Cookies may eventually crumble online registration

Forcing online customers to register for a Web site before letting them enter is likely to hurt business, say analysts. Instead, experts recommend the Amazon.com approach.

E-commerce companies are hungry for detailed customer information to help them target products and services, but some experts warn that they may end up starving themselves by alienating users through the practice of requiring registration to access content on a Web site.

Consider the case of Learning Resources Inc. of Vernon Hills, Ill., a manufacturer of educational toys and products looking to expand its presence online. Even though the company has seen its Web-based business grow during the last year, officials at the firm wonder whether skipping the registration process altogether might increase sales.

"It's something we considered very seriously while building the strategy around our site, and it became clear early on that there were strong opinions on both sides," said Timothy Bruess, network manager at Learning Resources.

In the end, the company decided to go with a system that requires users to log on with an e-mail address and create a password, so it could push customized content to repeat customers. Yet Learning Resources is concerned enough about the issue that it plans to revisit its policy.

Bruess is hoping that IT researchers will soon produce a study that gives a stronger indication of just how many sales may be lost because of the registration process. According to several industry analysts, these numbers may still be too difficult to calculate. "All we have thus far are informal surveys, but they do indicate that registration has, in some ways, become a hindrance to sales," said Brian Bingham, program manager at International Data Corp. in Framingham, Mass.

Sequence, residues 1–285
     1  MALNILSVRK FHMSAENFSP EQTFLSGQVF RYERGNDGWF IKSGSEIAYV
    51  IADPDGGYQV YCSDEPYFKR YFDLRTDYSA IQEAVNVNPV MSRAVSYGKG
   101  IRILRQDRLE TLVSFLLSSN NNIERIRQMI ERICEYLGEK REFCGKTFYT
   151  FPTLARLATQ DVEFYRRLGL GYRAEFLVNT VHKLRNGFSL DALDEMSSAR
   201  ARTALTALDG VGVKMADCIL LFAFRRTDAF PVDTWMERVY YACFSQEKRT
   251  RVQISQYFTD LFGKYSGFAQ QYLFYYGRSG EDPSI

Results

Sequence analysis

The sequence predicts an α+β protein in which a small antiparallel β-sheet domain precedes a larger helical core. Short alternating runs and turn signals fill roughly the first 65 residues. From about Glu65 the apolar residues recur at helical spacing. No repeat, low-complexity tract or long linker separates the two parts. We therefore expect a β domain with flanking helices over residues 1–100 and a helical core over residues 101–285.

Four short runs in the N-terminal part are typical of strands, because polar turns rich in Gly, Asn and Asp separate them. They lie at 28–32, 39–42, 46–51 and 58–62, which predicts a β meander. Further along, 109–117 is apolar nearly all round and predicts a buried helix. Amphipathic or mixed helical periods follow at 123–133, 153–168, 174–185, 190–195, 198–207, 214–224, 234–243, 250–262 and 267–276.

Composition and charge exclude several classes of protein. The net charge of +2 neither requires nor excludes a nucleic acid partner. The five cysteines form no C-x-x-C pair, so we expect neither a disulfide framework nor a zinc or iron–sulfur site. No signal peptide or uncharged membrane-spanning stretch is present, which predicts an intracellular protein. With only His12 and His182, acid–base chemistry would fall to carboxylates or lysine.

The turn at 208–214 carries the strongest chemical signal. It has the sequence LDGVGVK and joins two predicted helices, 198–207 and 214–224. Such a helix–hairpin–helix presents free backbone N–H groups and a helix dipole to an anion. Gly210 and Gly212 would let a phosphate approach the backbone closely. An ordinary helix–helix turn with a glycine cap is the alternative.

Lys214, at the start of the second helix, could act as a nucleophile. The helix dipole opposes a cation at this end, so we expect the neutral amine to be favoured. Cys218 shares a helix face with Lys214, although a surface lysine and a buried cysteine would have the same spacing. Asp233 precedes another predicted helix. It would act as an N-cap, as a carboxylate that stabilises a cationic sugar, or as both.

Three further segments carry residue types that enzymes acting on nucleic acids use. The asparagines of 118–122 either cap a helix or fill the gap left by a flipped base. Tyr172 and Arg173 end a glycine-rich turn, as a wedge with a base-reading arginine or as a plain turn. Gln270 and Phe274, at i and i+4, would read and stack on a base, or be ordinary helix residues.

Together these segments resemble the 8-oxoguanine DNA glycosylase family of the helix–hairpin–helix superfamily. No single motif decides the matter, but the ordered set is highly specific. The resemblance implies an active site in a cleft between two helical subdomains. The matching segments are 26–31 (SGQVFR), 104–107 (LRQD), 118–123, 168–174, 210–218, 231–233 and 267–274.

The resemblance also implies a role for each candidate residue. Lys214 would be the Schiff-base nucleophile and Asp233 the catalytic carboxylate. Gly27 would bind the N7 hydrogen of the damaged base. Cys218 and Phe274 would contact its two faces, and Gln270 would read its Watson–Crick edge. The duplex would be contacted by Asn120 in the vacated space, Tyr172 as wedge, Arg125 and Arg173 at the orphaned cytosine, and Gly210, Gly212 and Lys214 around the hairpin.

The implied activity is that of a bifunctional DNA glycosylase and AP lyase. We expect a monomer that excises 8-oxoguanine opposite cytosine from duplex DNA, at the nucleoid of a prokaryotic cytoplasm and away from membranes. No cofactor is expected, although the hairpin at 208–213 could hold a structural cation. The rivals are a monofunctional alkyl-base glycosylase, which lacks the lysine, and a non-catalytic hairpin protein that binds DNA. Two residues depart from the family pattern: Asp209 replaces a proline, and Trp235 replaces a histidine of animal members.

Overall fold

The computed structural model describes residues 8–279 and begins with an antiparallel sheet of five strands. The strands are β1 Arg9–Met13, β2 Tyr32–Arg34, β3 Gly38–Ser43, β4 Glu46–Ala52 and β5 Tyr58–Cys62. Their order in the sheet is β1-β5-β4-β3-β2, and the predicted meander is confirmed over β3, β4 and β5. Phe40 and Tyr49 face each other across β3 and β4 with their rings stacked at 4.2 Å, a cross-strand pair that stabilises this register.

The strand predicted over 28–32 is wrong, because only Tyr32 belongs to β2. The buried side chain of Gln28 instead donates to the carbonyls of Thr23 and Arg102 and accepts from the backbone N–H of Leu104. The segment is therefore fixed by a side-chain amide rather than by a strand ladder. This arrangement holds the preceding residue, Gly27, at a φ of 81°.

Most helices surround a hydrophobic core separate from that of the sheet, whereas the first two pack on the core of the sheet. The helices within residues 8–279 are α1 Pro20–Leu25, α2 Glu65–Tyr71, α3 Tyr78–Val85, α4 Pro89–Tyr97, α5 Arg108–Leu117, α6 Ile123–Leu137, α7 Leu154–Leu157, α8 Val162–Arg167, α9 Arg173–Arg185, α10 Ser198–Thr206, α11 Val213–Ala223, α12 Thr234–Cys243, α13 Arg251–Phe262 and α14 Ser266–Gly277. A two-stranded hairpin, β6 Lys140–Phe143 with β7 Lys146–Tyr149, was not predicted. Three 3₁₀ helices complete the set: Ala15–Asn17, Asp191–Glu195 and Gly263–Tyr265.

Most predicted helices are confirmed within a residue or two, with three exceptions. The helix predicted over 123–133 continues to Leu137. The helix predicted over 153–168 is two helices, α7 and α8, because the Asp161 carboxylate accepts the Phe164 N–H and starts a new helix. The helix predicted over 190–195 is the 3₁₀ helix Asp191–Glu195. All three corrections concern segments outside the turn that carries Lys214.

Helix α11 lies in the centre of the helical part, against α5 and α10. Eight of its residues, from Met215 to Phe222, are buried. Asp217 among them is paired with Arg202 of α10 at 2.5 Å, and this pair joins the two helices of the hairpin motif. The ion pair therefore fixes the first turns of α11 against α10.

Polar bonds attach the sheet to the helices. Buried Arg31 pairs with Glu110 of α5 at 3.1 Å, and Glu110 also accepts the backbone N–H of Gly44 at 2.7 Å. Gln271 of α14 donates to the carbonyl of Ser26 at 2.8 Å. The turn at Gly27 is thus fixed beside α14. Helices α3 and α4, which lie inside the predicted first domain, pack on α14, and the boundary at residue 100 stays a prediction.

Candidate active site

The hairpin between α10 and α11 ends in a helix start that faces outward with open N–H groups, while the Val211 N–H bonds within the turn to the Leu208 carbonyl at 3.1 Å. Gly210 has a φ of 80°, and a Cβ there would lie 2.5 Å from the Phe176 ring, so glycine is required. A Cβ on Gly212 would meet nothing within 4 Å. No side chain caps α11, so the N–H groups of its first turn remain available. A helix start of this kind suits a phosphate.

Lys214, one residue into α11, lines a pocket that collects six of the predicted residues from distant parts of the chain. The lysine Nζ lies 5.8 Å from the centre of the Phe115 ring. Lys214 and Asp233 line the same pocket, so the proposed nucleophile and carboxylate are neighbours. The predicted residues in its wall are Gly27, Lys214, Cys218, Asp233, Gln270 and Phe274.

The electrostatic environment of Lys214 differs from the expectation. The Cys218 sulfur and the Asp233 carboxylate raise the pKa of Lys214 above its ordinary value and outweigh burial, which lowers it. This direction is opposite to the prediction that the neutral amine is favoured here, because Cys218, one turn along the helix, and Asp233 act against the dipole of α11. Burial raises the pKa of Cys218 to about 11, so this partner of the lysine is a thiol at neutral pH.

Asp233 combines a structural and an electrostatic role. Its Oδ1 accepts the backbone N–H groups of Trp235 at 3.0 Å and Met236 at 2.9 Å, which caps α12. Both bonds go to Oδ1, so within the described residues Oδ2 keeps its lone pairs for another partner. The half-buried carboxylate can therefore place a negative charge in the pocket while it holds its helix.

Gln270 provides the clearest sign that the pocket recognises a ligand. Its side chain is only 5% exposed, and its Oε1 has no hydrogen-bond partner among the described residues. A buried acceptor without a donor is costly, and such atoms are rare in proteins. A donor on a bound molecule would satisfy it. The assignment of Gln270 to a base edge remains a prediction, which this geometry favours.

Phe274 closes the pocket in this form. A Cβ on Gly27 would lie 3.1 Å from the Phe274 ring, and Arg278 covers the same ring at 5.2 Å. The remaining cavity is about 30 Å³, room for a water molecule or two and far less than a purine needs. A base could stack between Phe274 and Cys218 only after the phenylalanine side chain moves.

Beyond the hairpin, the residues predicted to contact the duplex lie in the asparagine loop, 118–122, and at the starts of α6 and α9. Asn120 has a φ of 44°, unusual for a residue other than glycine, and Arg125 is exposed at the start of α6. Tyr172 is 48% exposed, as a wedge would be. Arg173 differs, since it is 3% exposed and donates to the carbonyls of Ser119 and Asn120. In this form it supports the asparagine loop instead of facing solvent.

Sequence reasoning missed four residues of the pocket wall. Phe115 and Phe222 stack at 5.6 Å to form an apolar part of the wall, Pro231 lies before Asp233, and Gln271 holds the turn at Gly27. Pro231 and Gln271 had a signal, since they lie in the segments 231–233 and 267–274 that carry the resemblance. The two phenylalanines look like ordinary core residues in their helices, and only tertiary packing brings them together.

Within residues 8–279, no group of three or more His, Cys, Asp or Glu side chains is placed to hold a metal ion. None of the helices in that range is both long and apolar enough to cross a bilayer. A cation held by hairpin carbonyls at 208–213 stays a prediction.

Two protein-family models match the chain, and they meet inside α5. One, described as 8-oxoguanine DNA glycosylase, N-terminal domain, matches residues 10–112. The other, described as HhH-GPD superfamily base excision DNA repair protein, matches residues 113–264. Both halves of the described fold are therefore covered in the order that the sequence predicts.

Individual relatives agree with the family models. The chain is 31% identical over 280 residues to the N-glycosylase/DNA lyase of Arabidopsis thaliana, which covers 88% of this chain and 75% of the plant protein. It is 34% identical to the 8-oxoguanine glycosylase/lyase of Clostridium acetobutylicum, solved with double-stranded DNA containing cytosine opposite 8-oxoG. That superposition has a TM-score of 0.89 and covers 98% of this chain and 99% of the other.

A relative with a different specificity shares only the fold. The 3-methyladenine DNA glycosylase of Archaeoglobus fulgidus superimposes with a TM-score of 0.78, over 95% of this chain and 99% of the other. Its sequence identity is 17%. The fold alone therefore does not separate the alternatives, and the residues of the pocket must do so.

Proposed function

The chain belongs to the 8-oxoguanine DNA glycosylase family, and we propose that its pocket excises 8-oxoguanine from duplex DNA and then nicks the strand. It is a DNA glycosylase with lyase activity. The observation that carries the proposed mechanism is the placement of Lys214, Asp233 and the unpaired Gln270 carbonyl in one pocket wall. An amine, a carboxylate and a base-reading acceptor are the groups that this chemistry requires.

According to Bingham, much of the research done in this area has been kept under wraps by big-name online vendors looking to promote their own interests with proprietary surveys. However, he said, it is becoming increasingly clear that there is a relationship between how complex an online registration "clickstream" is and the number of potential customers lost in the process.

"It's like the call center model," he said. "If you're on hold for too long, you're just going to hang up."

One major example of an e-commerce company that has moved away from registration requirements is Seattle's Amazon.com. The Internet retail giant has dumped its former sign-up method in the name of a powerful cookie-based system that allows it to cater content to frequent shoppers by keeping pertinent information saved automatically to users' Web browsing software.

Analysts agree that this may be the future recipe for holding on to customer data in a less visible manner.

"This is probably the best way to provide a level of customization without affecting people's behavior," said James Van Dyke, analyst at Javelin Strategy and Research of San Francisco.

Van Dyke said one downside to the trend is that it requires a more significant upfront investment. He also concurs that there is a pressing need for researchers to provide more hard numbers to help track how registration impacts sales.

For Learning Resources, the ability to target users with personalized information remains a priority, so Bruess said the company will continue to use its traditional sign-up method until a better solution arises. "I hate to think we might discourage users, but until you can show me numbers that rationalize investment in an expensive cookie system, we'll have to wait and see," he said.

FOR MORE INFORMATION:

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